Music News

The revival of this iconic punk band gives us a bad case of Germaphobia

Seriously, just punch me in the fucking head.

Severe cranial trauma delivered with extreme malice would've been less painful for me than watching What We Do Is Secret. The 2008 film was, or at least marketed itself as, the story of the Germs — the legendary L.A. punk band that screeched to halt in 1980, the same year singer Darby Crash died of a fully intentional overdose at the age of 22.

Most Germs fans, myself included, never got to see Crash. For years, we only knew him as the catchphrase-spouting manimal ("Somebody get me a beee-yuhhh!") from the punk documentary The Decline of Western Civilization. We loved him because he was drunk, self-destructive and loved to fuck with people. But those who dug deeper realized he was also — no lie — one of the most original and incredible poets that punk rock ever produced, a feat even more impressive considering he wasn't some nerd snob like Patti Smith.

But What We Do Is Secret? Shrill, corny, formulaic: It hit every bad note it could get its hands on. Even worse, it was boring — something the Germs never lived long enough to become. But the true kick in the crotch to many Germs fans came in 2006, when, while filming Secret, actor Shane "Darby Crash" West — who was two years old when the real Crash died and had since become best known for his role as the rockin' doctor Ray Barnett on ER — decided it would be a good idea to join the surviving members of the Germs and start touring. As the Germs.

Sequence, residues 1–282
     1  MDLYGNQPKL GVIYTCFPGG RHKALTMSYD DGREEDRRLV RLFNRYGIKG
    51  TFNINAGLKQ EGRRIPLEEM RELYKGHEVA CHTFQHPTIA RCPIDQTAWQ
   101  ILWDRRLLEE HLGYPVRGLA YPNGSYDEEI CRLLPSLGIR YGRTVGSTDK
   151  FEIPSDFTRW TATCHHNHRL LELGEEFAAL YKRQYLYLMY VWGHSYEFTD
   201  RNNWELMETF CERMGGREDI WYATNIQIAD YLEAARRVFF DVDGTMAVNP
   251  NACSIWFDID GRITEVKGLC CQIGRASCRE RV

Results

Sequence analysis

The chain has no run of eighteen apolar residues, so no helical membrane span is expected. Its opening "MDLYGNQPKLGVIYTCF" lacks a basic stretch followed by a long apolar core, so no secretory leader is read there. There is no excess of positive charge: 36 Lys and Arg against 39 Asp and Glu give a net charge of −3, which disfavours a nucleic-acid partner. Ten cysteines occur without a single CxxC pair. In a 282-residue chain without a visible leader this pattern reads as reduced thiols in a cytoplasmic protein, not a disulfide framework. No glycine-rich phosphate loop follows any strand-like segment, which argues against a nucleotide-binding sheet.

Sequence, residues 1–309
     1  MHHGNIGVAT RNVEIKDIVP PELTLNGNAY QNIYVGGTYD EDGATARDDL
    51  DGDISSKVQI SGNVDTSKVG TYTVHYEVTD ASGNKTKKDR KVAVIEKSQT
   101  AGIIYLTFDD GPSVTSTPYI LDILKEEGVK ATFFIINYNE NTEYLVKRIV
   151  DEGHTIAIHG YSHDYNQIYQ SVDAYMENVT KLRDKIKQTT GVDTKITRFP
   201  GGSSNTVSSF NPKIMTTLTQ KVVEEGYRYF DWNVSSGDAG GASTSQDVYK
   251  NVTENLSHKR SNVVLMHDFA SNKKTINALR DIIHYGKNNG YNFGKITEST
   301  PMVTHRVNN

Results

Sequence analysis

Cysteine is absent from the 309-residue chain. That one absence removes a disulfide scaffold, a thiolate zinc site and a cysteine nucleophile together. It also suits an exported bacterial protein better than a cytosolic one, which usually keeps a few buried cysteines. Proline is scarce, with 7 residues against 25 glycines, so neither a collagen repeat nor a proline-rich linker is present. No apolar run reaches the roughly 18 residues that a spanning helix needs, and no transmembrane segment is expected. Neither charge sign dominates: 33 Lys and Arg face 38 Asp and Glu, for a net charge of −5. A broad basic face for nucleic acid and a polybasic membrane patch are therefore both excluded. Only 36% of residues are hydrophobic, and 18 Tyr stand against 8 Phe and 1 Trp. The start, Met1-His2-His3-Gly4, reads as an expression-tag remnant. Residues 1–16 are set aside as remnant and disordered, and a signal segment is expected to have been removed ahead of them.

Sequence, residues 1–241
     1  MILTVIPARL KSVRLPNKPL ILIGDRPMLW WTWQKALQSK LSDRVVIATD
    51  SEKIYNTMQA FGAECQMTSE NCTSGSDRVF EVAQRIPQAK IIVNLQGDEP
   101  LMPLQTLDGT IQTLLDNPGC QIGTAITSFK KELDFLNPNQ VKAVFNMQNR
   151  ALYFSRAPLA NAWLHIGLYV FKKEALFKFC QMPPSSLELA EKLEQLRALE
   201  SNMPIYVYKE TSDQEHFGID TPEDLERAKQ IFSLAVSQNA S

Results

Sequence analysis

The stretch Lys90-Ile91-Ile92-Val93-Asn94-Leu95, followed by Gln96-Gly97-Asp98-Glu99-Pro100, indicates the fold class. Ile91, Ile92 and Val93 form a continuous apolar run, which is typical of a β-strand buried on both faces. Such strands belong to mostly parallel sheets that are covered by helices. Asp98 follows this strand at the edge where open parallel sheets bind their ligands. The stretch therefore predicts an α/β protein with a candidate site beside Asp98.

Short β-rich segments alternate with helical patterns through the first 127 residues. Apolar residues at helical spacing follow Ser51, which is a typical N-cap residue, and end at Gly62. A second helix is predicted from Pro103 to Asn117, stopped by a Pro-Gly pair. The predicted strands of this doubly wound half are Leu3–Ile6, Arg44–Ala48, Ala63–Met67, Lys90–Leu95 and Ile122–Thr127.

Shit, they didn't even have the decency to call themselves the Germs of the 21st Century.

I saw the Germs' guitarist Pat Smear play once. It was at the Denver Coliseum in December 1993; he was a touring member of Nirvana. Smear looked ridiculous up there: grinning hugely, wearing a dog collar or something, and hopping up and down like a chimp as Kurt Cobain — at that point not long for this world — mumbled venomous verse through a wall of hair. Yup, that's right: Smear has had the dubious honor of outliving two iconic, suicidal bandmembers. (Note to self: If I want to reach anything resembling a ripe old age, never let Pat Smear join my band.)

Now, if Smear tried to get Dave Grohl and Krist Novoselic to recruit an actor to replace Cobain — and then hit the road as Nirvana — an entire planet would be howling for his dick on a spit. And rightfully so. Why, then, is Smear being allowed to get away with it in regard to the Germs? Because the Germs were never as famous as Nirvana? Because Crash wasn't as cuddly as Cobain? Because people are dumb? Hard to say. All I know is this: For true Germs geeks like me, the thought of seeing the sham Shane West lineup hurts even more than a forced viewing, Clockwork Orange-style, of What We Do Is Secret.

Then again, if there's one thing Darby Crash always seemed to get off on, it was pain.